by Bill Brinkworth
1The Word “Tattoo” Is Not In The Bible.
However, there are many principles about taking care of the body taught in the Bible that pertain to what some today call “body art.”
An outer layer of skin, the epidermis is always renewing itself. Inner cells of this layer work to the outside within 14 days as outer cells die off. To keep a permanent marking, tattooists inject dye into a lower dermis that will permanently stay marked on the body.
A tattoo of “I love Hilda” is going to be there long after you’re married to Martha. There are ways to remove them. Laser and pulsed light techniques can break up the ink. The painful five to ten treatments can cost as much as $250 to $850 each treatment.
Some chemical lightening processes claim to fade them by as much as 93.7%. But, six percent of a skull and crossbones may not be too impressive to your boss when you are a 40 year-old short-sleeved executive. The flesh markings will remain as long as you live. They will last even after the skin has lost its elasticity, places sag and the pigment has lost its clearness and no one is really sure what your tattoo says.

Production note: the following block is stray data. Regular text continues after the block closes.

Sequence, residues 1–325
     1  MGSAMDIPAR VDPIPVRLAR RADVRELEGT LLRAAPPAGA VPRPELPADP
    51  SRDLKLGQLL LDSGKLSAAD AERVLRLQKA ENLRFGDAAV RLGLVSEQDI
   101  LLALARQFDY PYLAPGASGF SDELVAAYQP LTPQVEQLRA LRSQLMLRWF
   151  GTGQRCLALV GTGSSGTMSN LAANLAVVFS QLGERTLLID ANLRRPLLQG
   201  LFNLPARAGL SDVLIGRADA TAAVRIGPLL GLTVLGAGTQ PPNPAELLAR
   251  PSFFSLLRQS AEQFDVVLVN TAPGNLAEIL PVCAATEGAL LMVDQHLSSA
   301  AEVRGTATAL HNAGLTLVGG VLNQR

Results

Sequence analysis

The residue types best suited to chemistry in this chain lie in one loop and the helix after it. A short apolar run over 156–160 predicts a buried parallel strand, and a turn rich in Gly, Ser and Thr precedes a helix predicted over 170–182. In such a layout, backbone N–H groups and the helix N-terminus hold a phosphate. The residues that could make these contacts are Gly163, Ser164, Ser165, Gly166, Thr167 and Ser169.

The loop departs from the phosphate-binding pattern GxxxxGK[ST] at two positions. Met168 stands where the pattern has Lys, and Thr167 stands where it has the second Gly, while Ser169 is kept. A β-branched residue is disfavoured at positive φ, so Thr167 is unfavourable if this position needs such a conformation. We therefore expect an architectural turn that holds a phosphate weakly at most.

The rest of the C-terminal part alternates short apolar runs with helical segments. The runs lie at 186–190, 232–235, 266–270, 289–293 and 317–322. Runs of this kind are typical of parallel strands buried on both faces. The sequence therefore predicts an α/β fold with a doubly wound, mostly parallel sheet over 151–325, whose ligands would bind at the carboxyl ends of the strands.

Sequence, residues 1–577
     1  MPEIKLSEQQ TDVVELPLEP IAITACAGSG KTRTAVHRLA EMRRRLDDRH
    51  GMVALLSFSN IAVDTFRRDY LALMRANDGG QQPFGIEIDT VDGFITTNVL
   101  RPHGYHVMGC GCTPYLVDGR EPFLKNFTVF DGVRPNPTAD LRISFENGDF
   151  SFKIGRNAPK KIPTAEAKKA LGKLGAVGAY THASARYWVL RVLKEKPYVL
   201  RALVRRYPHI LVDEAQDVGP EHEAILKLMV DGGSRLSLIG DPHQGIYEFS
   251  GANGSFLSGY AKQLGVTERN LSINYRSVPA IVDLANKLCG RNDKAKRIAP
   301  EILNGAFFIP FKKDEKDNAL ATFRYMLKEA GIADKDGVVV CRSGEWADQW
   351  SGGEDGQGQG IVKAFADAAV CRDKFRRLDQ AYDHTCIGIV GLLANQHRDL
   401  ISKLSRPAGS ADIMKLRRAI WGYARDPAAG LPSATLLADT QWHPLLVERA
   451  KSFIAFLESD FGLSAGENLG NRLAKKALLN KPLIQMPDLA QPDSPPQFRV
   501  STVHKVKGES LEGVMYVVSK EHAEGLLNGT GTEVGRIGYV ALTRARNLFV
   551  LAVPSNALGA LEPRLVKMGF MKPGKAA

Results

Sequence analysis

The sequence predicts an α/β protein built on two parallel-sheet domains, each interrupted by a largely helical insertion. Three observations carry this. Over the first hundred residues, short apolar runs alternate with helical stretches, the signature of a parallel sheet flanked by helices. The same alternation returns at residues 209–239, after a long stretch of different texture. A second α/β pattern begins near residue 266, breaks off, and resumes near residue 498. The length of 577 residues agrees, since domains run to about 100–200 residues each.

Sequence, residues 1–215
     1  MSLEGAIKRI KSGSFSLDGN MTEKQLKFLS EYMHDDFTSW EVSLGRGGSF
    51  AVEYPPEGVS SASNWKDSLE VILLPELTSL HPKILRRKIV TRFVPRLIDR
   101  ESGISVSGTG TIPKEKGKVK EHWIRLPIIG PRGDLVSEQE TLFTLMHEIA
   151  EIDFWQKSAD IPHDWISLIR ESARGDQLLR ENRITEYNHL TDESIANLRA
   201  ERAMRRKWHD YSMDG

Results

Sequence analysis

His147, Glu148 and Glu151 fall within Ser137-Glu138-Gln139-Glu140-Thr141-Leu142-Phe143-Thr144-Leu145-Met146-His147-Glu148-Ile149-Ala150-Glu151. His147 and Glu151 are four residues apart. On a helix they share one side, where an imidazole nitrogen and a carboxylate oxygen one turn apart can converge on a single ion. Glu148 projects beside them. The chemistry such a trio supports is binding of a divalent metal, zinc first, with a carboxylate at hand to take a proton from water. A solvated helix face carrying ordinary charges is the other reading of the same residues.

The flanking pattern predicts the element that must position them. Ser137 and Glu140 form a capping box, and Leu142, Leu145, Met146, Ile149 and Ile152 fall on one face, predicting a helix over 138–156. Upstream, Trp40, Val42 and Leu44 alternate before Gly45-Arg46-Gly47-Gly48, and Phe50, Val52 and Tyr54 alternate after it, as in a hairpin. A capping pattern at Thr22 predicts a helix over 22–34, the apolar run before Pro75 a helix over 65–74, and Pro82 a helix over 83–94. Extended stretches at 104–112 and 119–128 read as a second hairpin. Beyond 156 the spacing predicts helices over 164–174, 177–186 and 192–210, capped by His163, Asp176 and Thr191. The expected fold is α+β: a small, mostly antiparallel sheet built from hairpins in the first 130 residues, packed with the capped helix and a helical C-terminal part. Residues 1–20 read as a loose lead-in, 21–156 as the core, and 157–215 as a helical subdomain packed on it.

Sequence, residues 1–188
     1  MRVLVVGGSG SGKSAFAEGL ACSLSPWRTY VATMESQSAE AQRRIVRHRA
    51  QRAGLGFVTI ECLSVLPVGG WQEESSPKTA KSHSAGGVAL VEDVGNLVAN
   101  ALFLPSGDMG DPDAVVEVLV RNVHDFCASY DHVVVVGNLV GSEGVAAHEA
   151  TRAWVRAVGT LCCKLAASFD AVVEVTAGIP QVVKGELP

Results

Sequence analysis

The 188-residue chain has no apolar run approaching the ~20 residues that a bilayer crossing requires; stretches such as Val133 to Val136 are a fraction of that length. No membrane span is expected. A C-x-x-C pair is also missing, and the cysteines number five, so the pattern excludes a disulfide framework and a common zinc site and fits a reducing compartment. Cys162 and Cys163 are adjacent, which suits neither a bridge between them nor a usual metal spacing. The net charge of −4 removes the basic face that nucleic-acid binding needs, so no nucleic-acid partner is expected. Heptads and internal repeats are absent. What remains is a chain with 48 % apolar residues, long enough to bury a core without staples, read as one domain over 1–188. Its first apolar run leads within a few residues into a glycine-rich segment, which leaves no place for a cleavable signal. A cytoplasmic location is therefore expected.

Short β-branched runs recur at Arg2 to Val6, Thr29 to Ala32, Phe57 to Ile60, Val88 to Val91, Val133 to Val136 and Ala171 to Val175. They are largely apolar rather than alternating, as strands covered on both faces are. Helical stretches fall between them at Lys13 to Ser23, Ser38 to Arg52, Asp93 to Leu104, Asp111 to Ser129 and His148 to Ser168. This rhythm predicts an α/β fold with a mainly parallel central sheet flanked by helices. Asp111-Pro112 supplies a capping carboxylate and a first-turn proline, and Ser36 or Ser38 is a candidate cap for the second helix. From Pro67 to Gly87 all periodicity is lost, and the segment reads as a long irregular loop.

Many claim “Tattoo” is a modern word derived from the Tahitian word “tautau.” Captain Cook brought the word back with him on his visits to the islands in the mid 1700’s. The Polynesians were often marked.
No longer is tattooing only the practice of drunken sailors or faraway heathens. It is everywhere – among our children and young adults especially. The 1999 Butterfly Art Barbie helped get young children introduced to body marking with a doll that had a butterfly tattoo on her stomach. Even Christians today permanently change their appearance with these inkings.